End users are desperate to bring some order to their out of control desktop infrastructures, but looking to the network computer (NC) to cut costs is not the answer, according to a panel of experts at the Dataquest Service Trends conference in San Francisco this week.
Controlling the total cost of desktop ownership is the major challenge facing companies, said Stephen Clancy, principal analyst with Dataquest?s IT Services Group, with most of the costs hidden beneath the surface. "It?s the iceberg cost factor," he explained, citing invisible costs such as under-use, administration and downtime as adding to the inital purchase price.
Many users are likely to fall in with the idea of implementing supposedly lower cost NCs as a way of cutting their desktop spending, but this is a fallacy, according to a panel of suppliers of desktop management services.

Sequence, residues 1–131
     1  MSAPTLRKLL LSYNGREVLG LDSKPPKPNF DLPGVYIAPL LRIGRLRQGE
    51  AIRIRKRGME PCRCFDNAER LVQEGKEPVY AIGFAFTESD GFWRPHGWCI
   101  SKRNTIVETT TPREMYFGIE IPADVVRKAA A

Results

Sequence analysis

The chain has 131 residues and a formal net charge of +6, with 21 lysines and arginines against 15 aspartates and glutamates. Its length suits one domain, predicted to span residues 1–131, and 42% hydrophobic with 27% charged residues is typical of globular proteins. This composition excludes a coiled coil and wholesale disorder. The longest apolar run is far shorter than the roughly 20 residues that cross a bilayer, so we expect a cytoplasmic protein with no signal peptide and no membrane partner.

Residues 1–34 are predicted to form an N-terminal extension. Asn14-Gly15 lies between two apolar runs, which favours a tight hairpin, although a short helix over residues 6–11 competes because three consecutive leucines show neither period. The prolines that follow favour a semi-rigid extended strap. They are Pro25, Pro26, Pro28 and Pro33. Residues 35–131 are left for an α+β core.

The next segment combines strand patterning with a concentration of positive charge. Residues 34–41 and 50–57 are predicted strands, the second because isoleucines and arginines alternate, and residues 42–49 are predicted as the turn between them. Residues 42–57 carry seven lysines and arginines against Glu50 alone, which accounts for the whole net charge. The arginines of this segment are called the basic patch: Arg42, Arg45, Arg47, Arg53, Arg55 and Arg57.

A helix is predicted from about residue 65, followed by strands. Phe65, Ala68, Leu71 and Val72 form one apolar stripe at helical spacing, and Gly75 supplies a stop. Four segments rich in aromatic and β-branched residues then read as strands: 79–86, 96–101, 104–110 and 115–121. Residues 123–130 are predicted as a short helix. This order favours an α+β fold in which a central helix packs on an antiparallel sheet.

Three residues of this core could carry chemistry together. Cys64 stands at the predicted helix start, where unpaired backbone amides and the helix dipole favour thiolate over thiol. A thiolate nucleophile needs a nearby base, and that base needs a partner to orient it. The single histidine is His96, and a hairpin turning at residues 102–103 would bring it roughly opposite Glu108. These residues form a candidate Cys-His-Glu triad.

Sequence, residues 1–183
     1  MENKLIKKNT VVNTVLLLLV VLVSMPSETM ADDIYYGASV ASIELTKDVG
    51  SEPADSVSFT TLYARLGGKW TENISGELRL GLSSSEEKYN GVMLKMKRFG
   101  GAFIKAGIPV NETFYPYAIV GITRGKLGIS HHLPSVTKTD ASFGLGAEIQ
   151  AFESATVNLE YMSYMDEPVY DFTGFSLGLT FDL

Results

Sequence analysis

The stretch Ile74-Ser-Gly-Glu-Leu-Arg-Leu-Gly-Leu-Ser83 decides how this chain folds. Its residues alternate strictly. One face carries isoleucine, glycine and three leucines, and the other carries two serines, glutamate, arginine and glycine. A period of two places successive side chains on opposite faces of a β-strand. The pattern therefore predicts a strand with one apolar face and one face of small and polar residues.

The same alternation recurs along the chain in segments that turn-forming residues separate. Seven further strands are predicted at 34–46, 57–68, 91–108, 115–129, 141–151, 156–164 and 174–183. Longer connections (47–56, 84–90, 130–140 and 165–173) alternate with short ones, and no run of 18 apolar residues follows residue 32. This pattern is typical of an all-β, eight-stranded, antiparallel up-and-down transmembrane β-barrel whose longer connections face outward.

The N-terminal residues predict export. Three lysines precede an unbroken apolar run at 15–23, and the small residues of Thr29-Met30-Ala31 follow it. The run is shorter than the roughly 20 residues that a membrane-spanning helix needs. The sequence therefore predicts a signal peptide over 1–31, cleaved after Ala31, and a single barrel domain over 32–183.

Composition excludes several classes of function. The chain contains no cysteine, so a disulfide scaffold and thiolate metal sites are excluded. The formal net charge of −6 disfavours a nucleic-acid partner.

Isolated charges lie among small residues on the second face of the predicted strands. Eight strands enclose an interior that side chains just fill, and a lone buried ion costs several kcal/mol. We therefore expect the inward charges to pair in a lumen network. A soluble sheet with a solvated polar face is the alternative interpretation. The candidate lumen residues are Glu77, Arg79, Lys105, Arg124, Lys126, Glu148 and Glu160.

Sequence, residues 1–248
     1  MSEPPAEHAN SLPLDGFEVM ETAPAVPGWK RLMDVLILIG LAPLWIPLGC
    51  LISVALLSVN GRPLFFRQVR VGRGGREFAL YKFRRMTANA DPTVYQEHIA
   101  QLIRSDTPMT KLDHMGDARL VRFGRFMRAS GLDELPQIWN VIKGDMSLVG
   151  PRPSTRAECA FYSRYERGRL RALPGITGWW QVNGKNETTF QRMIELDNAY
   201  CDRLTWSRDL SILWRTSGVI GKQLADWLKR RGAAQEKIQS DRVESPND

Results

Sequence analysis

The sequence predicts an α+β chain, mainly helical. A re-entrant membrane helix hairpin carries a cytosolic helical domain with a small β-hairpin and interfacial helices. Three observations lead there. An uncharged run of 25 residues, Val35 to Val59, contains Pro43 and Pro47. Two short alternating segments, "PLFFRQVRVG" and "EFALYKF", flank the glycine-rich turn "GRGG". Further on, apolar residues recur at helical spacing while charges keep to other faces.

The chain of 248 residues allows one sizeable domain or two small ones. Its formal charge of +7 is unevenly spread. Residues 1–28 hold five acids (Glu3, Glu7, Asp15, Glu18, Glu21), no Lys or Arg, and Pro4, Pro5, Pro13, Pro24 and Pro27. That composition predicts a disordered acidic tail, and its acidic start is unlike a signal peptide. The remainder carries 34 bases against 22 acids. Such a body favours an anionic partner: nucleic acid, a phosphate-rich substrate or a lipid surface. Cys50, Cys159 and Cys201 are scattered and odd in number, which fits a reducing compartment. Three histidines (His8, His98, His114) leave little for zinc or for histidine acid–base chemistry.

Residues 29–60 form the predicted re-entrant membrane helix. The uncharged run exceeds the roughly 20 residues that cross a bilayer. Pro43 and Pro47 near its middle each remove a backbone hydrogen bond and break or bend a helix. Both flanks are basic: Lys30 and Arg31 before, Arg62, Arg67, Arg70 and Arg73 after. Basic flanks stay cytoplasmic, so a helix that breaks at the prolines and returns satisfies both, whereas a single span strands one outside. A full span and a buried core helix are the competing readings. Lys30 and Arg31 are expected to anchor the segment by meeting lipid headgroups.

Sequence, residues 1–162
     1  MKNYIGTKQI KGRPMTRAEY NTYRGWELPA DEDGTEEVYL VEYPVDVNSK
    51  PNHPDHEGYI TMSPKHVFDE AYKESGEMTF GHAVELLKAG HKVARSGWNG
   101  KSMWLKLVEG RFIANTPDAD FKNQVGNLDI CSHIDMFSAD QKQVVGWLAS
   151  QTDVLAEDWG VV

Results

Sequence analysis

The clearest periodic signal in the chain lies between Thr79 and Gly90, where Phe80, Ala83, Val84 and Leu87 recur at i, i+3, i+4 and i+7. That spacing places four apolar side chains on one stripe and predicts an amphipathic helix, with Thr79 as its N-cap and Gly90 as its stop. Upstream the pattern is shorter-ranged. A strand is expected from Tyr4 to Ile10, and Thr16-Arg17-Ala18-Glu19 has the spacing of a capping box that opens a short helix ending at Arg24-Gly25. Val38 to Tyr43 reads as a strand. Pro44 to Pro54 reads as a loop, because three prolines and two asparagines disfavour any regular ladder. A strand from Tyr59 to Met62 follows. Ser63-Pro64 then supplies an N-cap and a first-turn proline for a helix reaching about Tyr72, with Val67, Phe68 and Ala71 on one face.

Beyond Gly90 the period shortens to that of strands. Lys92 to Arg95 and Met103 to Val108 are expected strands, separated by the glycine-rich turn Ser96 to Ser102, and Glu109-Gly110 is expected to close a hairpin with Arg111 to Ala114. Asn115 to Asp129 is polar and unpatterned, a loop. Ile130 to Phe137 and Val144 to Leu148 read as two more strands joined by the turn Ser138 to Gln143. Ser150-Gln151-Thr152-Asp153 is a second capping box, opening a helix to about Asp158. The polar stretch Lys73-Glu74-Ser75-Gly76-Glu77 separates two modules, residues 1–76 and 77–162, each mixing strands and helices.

Rick Nathanson, senior vice president for network professional services at consultancy Entex Information Services, was dismissive of the notion that NCs were cheaper. "Our research has shown that there is only about $49 dollars difference in the cost of an NC and a PC," he claimed.
Gordon Reilley, president of asset management specialist Asset Software, said NCs displaced rather than cut costs. "How much investment do you have to put in a network backbone?" he asked. "Putting in NCs is like shuffling the deckchairs on the Titanic to the benefit of Oracle and Sun."
Sherri Davis, marketing manager at Hewlett-Packard?s desktop outsourcing division, said there were operational issues with NCs that could impact on the day to day running of a business. "You?re handcuffing yourself to the network," she said. "If the network goes down, it will hamstring the entire operation. With ?thin? PCs, you can at least continue to work on some things while you wait for the network to be restored."
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